The Boy at the Door brought back the unspoken miseries and loneliness of childhood on the cusp of adolescence – the emotional intelligence still to be developed. Unlike many portrayals of this age, the boy is not seeking illicit experiences but rather trying to navigate events of which he has little understanding.

In Breckland Wilds features a long time resident, Hecky Knock, who inherits and then sells the family farm, retiring to a cottage. There is some resentment from his sister due to the divvying up of proceeds but this is nothing compared to the resentment Hecky feels when property developers appear down the road. When let down badly by someone he considered a new friend, his reaction is explosive.

Couples featured are often blinkered to the other’s needs. Sunday with the Bears tells of an amusing visit to the home of three elderly and privileged men by an arts journalist and his new girlfriend. The men indulge in much name dropping and vapid cries for attention, all the while wanting things done just so. The young woman observes her boyfriend in a new light under their influence.

“he was just like every other man she had ever known, which was to say ever so slightly insecure and getting by on self-confidence rather than talent. This posed the question: just what exactly was she getting by on?”

One story offers up a reminder of the inadvisability of attending a school reunion after decades of negligible contact with anyone else involved. Another features a self-entitled rich girl who decides a day spent fruit picking could be a lark. Polite, middle class kids are taken advantage of. Families on holiday discover they do not all enjoy activities promoted as worthwhile entertainment.

I was somewhat surprised by the number of characters with links to Oxbridge given these halls are closed to the vast majority. This did not, however, detract from the fun to be poked at those who believed themselves admirably cultured, either through wealth or contacts. There were also plenty of characters with more grounded experiences, some poignant, others through choices made.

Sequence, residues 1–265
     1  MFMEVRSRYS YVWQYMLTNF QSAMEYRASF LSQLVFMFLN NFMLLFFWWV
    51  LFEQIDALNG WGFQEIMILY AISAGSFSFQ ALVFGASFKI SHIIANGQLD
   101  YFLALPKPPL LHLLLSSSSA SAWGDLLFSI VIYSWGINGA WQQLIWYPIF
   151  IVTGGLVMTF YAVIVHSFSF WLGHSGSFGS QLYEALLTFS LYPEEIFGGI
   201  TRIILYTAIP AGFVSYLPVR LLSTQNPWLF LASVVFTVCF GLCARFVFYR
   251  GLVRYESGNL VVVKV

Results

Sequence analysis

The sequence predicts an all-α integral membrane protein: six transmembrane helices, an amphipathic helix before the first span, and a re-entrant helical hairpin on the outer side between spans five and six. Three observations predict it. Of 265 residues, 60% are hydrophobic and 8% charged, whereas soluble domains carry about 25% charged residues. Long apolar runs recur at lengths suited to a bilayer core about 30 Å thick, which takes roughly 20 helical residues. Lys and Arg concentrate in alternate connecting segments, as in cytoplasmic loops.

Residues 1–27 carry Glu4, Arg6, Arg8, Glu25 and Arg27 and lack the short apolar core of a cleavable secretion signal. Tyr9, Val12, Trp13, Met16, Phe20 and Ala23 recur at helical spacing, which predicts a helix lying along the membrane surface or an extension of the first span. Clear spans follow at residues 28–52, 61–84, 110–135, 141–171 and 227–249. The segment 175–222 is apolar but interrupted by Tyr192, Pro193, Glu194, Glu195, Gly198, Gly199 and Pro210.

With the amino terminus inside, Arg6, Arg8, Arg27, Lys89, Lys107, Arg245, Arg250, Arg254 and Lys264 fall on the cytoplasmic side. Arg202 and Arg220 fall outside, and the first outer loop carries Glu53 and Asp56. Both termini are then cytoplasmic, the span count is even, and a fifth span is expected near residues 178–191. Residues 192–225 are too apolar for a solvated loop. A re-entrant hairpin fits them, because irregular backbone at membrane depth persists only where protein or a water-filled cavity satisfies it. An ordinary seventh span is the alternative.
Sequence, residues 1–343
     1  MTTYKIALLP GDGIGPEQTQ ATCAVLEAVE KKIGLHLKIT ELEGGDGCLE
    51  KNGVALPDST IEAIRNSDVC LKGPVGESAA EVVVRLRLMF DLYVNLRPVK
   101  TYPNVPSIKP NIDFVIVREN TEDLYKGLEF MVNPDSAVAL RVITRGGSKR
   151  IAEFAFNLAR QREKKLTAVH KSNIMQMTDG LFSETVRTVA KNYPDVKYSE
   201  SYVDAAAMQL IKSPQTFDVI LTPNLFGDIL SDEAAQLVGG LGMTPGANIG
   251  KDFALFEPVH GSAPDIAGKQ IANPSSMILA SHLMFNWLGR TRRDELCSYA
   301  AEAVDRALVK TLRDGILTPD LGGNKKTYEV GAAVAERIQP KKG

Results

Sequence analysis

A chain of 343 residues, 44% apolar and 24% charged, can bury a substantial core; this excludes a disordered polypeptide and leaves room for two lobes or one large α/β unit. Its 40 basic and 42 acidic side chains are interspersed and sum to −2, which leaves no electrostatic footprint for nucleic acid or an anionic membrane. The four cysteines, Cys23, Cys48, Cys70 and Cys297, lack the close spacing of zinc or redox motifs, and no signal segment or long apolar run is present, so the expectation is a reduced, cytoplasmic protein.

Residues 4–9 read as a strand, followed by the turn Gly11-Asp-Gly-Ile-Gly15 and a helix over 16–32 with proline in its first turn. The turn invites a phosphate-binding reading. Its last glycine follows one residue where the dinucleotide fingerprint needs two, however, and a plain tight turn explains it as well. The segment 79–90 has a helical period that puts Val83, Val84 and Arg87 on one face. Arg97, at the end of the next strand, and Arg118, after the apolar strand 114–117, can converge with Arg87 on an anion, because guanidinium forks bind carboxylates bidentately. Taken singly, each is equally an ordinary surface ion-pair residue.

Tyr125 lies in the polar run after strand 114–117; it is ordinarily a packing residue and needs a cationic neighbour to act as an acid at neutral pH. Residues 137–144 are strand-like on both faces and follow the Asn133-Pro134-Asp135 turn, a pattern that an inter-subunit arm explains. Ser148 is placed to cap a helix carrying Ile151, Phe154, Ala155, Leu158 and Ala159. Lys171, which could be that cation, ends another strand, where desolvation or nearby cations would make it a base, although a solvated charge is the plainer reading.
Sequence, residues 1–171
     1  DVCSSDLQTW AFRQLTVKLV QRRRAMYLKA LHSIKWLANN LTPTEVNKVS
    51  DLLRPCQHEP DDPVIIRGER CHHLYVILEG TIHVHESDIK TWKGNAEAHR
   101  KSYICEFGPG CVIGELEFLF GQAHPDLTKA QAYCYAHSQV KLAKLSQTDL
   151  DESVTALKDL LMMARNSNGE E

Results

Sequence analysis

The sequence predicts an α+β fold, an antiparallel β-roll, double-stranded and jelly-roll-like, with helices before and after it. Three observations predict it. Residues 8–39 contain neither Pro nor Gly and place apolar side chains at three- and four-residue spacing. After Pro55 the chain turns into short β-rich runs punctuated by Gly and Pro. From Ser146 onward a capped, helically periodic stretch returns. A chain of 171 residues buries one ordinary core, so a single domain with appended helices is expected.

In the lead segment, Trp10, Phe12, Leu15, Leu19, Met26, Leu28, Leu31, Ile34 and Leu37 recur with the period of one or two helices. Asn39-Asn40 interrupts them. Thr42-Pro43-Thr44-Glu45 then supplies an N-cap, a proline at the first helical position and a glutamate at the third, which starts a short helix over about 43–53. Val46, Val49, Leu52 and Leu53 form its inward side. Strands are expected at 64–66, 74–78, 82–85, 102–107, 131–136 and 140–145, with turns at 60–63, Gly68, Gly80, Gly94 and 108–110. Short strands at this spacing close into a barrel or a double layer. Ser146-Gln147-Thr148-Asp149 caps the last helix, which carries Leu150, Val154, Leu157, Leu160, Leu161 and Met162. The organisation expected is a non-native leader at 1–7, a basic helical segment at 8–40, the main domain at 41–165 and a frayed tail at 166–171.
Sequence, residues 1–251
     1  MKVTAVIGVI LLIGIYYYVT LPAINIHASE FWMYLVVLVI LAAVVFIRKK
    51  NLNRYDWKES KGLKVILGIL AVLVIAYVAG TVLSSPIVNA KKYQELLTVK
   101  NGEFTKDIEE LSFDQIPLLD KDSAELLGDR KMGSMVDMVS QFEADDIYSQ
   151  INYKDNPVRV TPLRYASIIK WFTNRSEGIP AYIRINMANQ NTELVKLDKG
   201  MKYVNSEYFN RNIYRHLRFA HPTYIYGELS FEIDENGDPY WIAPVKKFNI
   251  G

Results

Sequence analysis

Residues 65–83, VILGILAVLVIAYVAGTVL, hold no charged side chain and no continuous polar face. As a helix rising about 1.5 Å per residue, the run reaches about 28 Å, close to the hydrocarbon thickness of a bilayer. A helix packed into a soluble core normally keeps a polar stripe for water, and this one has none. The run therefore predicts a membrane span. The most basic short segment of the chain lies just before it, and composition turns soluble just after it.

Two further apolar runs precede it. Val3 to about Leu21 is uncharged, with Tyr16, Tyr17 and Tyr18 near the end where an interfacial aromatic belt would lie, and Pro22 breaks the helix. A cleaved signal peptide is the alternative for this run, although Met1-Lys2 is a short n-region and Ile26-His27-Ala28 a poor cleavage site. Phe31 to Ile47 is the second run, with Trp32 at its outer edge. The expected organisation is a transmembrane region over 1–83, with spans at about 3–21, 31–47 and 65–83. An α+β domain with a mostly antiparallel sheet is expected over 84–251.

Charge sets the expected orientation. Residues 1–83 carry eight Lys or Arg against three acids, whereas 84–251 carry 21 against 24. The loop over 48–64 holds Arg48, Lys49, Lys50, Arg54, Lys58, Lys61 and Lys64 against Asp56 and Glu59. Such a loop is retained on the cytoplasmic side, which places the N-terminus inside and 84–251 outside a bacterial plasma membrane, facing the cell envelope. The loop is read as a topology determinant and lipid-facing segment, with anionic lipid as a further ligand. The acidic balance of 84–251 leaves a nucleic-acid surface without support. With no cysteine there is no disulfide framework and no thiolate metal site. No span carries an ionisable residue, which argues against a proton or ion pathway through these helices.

Somewhere Out There West of Thetford is set on a residential caravan park. A lorry driver offers help to an elderly woman, discovering she is mostly estranged from her daughter. The ending was unexpectedly satisfying.

New Facts Emerge takes a Norfolk based accountant into London where she must work on Christmas Eve. It is a reminder that the county, despite its atmosphere of remoteness, still feeds workers to the capital.

The wide variety of experiences explored keeps this collection fresh and of interest. The author writes with elan as he excavates the core of the human condition. The reader is left hoping that Norfolk avoids the encroaching homogeny of modern expansionism. Each story provides a highly enjoyable and still lingering read.

My copy of this book was provided gratis by the publisher, Salt.

Book Review: Wilder Winds

wilder winds

“Life had taught her that stability wasn’t to be found outside on the streets. That as soon as you get used to how others live, everything changes.”

Wilder Winds, by Bel Olid (translated by Laura McGloughlin), is a collection of sixteen short stories exploring the myriad conditions under which families and individuals must live. These are stories of the young and the old, of the contented and the displaced. One theme running though is how little control any person has over changing circumstances, and how they must adapt if they are to survive.